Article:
Recently, Heo et al. were able to deploy human small intestinal (SI) and lung organoid systems to model a C. parvum infection (Heo et al., 2018). Transmission electron microscopy (TEM) showed the presence of asexual parasite stages 1 day post-infection, as well as the presence of sexual stages and oocysts after 5 days. TEM of infected organoids was also able to indicate that enterocytes in SI organoids, but both secretory and non-secretory cells in lung organoids, were predominantly infected by Cryptosporidium. New oocysts produced in organoids were capable of maintaining productive infections over three rounds of serial passage in SI organoids, however the authors noted a reduction in parasite numbers over 4 weeks of passaging. High-throughput RNAseq analysis of infected organoids revealed the activation of an enterocyte-based interferon response. Analysis of parasite RNA expression also demonstrated the upregulation of oocyst wall genes (especially COWP1) at 72 hours in both SI and lung organoids, a finding that supports the observation of new oocyst generation in this system. It should be noted, however, that female gametes produce oocyst wall proteins even in the absence of fertilization from male gametes (Tandel et al., 2019). Male or microgamete specific genes such as HAP2 were not identified as being upregulated in this study. One of the features of SI organoids is the possibility of maintaining them in either ‘expanding’ (more undifferentiated stem cells and highly proliferative progenitor cells) or ‘differentiating’ (more terminally differentiated cells) states, depending on which growth factors are provided. Interestingly, C. parvum propagation was on average almost ten times higher in differentiated organoids compared to expanding ones.

Air-Liquid Interface (ALI) Model

Originally devised for the culture of primary nasal epithelial cells, another recently-developed system to create differentiated intestinal cells from stem cells is the air-liquid interface (ALI) culture (Figure 2C) (Wang et al., 2015). Here, stem cells (either from primary sources or previously maintained as spheroids) can be plated onto 2-D membrane-supported cell culture inserts with or without an ECM-derived gel base. A layer of irradiated fibroblasts can also be used as feeder cells. Removal of liquid media from the top of the inserts results in the differentiation of stem cells into enterocyte and secretory cells. This technique was recently adapted by Wilke et al. to successfully infect differentiated mouse intestinal epithelial cells with C. parvum (Wilke et al., 2019). Parasite growth monitored by quantitative PCR showed amplification by nearly 100-fold over 20 days. Similar to the organoid model, ALI cultures were capable of producing new infectious oocysts 3 days post-infection; oocysts were capable of infecting both mice and new membrane-supported cell monolayers, albeit with diminishing returns. Also similar to the organoid model, TEM showed the preferential infection of enterocytes, however some infected secretory cells were also reported. Interestingly again, C. parvum grew significantly better in differentiated ALI cells.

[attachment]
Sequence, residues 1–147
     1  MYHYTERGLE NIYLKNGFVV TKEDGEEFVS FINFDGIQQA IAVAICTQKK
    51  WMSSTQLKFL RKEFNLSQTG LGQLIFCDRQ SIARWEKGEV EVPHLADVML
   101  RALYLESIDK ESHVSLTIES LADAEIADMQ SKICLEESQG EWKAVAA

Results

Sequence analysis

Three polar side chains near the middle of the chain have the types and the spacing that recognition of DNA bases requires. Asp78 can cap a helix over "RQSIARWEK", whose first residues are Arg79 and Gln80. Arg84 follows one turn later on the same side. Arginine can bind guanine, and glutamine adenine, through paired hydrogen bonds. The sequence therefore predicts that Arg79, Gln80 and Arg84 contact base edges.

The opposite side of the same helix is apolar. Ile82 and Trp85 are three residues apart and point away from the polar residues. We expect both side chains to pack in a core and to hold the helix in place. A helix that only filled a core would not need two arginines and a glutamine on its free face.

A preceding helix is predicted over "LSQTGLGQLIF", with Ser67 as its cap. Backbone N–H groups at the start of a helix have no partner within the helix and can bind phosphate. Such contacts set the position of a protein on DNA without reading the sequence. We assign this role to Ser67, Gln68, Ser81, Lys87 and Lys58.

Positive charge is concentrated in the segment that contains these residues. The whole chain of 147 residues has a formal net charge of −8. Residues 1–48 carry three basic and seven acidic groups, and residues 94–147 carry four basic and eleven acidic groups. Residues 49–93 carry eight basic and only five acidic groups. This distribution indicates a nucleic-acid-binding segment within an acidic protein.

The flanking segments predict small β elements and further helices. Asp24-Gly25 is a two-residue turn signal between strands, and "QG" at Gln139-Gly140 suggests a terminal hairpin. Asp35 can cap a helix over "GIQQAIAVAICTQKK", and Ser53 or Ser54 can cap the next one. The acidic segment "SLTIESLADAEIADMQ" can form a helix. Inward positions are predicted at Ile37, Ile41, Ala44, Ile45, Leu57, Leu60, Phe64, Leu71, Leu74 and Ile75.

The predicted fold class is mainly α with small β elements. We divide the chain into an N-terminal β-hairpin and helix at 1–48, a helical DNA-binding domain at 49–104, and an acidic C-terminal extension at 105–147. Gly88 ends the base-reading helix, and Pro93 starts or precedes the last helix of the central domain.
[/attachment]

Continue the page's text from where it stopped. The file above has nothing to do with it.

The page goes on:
Using CRISPR/Cas9-based genetic manipulation, Wilke et al. were also able to demonstrate meiotic recombination within the ALI system with fluorescently labelled parasite lines (Wilke et al., 2019). This meiotic recombination event, which naturally occurs in the final stages of the Cryptosporidium life cycle, appears in their ALI model after the third day of infection and coincides with the production of new infectious oocysts. The ability to perform controlled genetic crosses of Cryptosporidium parasites using a cell culture platform is a major advancement for the field. Exploring the nature and frequency of recombination events and how they contribute to pathogenicity and ongoing evolution of Cryptosporidium will greatly further the study of this deadly parasite.


Children living in endemic regions are particularly vulnerable to Cryptosporidium infection and this is well evidenced in large scale studies of diarrheal aetiology. In the Global Enteric Multicenter (GEM) study, with a cohort of over 20,000 children across Africa and southeast Asia, Cryptosporidium was identified as one of the primary causes of severe diarrheal events (Kotloff et al., 2013). However, from the third year onward, cryptosporidiosis becomes a negligible infection with very few attributable cases of severe disease reported in the GEM study. This apparent resistance in older children and adults in endemic regions is likely to be a matter of acquired immunity rather than age; Cryptosporidium is a common cause of travellers’ diarrhoea in adults traveling from non-endemic regions. Early results using C. tyzzeri to model human infection support these observations. Mice that recover from a natural C. tyzzeri infection show resistance to subsequent infections (Sateriale et al., 2019). Vaccination using irradiated parasites had the same effect of protecting against subsequent infection and disease. Unlike its relative Plasmodium, Cryptosporidium appears to lack the large gene families required for antigenic switching (Abrahamsen et al., 2004). This may be a great advantage for development of a vaccine, yet researchers first need to understand the mechanism and markers of Cryptosporidium immunity.

The true power of this newly developed mouse model of cryptosporidiosis lies in the ability to genetically manipulate both the host and parasite. With C. tyzzeri, researchers can branch out from the few immunocompromised mouse strains that are traditionally used for Cryptosporidium infection studies. There is a vast range of mouse species, strains, congenics and transgenics to explore pathogenesis. Next generation panels of recombinant inbred lines, such as the Collaborative Cross, can be leveraged for genome-wide interrogation of the host response to Cryptosporidium infections (Aylor et al., 2011). This new mouse model of infection holds the potential to study both innate and adaptive mechanisms of immunity and, coupled with stem cell-based in vitro culture, microscopic observations can be studied in controlled environments.